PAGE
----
AT-ST: Between two logs

JediMichael

Master Member
Its like Zach Galifianakis' Between two ferns, just much cooler.
So I've seen so many dioramas of an AT-ST falling over from the logs tripping it. Even more like its been months/years since it had fallen and weeds growing over top it....but doing google searches and other searches, I literally could not find one being smashed from the two logs. Best was a youtube video of guys smashing a lego set of one.
So I thought this would be an interesting challenge to try out. Been planning in my head of how to tackle it, but first had to get some other projects out of the way first.
Then last week the Bandai model comes in, and they sent C3-P0 and BB-8. Sent that back, still wanting for the refund, but ordered this again, from a different seller.
So I started this morning, which begins with the legs, which is the easy part, as they aren't really effected by the logs.

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Now for the harder part. Basically the idea would be to have it somewhere between these two frames, frozen in time. There is a frame in the film between the two, but its a giant fireball. I'll probably have a little cotton colored orange coming out, but not too much. We'll see.
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I remembered I had this string from last year buying a Christmas tree. I had figured Walmart would have something to tie it down to the car....nope, had to go buy this. Benefits me now.
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The idea would be to tie this around the logs I make, and then have some stiff string in the air, like its hanging from the tree, but the diorama ends before you would see the actual tree.
Used this clear tacky glue, but wasn't quite stiff enough, so tried super glue.....
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...that totally did the trick.
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Painted the little guys who are about to meet their doom.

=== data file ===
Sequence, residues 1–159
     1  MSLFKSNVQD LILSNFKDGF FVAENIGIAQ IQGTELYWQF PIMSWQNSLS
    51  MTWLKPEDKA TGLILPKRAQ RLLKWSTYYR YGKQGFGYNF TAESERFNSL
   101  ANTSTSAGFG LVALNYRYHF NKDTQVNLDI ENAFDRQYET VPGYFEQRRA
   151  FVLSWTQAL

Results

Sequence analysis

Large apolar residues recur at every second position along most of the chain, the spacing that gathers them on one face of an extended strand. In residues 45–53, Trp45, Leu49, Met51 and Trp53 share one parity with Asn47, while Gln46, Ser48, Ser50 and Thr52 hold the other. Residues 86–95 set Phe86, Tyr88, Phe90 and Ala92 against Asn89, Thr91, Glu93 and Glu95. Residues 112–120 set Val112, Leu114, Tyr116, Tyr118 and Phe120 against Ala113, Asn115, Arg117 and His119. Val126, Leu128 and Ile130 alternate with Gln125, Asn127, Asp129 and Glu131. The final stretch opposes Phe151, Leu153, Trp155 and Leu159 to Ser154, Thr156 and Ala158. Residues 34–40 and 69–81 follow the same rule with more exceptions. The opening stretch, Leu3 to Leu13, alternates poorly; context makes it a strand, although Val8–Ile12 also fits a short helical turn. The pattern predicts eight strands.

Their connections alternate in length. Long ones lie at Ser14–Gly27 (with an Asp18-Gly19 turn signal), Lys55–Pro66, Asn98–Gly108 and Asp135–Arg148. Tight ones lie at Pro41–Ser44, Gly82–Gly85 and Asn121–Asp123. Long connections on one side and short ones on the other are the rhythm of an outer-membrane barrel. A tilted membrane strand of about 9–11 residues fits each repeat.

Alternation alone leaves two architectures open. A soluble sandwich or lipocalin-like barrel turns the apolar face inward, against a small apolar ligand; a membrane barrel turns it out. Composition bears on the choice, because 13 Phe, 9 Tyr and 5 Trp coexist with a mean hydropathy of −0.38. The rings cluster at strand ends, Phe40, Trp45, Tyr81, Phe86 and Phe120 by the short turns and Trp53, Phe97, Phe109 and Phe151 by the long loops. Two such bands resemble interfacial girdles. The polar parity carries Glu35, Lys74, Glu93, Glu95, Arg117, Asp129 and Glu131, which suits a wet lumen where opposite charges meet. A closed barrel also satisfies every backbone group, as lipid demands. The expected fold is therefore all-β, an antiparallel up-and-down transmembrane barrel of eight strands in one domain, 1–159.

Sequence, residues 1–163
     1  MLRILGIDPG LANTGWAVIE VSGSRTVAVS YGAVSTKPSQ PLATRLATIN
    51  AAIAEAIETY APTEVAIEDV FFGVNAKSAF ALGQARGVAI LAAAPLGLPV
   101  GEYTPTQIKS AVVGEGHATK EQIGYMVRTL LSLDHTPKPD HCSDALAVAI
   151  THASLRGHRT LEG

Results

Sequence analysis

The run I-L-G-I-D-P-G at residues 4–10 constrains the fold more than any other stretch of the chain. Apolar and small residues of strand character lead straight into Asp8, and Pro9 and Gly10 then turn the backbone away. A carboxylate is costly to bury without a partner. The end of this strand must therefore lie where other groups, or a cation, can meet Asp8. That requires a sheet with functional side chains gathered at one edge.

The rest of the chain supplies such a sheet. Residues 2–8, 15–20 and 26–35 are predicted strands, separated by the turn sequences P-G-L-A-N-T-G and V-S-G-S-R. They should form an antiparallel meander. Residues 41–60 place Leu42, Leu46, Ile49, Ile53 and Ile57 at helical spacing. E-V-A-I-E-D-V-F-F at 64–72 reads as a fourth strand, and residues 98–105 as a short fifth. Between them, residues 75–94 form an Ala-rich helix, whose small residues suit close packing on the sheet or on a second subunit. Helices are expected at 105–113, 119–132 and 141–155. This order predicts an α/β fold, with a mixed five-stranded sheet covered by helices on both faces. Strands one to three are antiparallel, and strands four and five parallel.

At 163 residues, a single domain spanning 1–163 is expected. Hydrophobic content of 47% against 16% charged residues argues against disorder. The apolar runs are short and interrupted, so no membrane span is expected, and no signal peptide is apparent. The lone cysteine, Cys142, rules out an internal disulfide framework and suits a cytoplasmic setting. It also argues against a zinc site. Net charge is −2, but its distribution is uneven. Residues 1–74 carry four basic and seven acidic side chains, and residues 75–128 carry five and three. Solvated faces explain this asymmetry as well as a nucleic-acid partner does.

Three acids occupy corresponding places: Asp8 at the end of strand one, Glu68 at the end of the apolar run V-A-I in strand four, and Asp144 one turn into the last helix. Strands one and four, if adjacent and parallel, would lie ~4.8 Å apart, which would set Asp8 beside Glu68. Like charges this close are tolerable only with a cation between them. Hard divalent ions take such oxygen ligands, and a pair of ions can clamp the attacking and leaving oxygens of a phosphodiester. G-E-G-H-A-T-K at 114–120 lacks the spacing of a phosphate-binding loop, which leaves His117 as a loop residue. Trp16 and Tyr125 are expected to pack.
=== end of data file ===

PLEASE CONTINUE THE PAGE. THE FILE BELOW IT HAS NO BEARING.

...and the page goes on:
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Now trying to figure out how much to damage the head, without doing too much. I started by hitting with a torch and pushing each side down with a rock.
The inside where the guys are, I took a dremel and cut it in two, shaving off a little bit, and have now glued it back together. Still working this part out.
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For the logs, I thought clay would work out best. I'm not really a sculptor, but figured this couldn't be too hard. Added a screw threads deep inside, with about an inch sticking out. I'll glue in a bolt to the main head (hidden) so they can be screwed in, or unscrewed out if needed.
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Got both done. I think the top one is slightly thicker, but not by much. Now to let them dry. Eventually paint them, added the string and go from there.
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Hope they aren't too heavy.
 
Excellent idea for a diorama.(y)
I would also suggest using Elmer's white glue. ( or any other white glue brand that cleans up with water)
I have used white glue for many different modeling applications. The good thing about white glue is, you have time to work with it, reposition it. Especially when it is time to wrap the string around the logs. Superglue is kind of 'your stuck with it' when it kicks off. ;)
Can't wait to see how this develops!!
 
So yesterday I woke up quite sick, but feeling better today, mostly.
So getting some more done.
The logs are still not fully cured anyways...and looking at the bigger one, I think I'm going to make another that matches the first in size.

Heres the front, with side pieces laying down. The actual front melted just a bit more than I was meaning to, but it will work out.
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Melted the control panel a little and its gluing in right now.
Once thats dry and sturdy, I plan to make sure of where the nuts will fit inside, glue on the outer part, and then I want to try and heat up a piece of metal, about the size of the logs, and push into each side. Hopefully that works.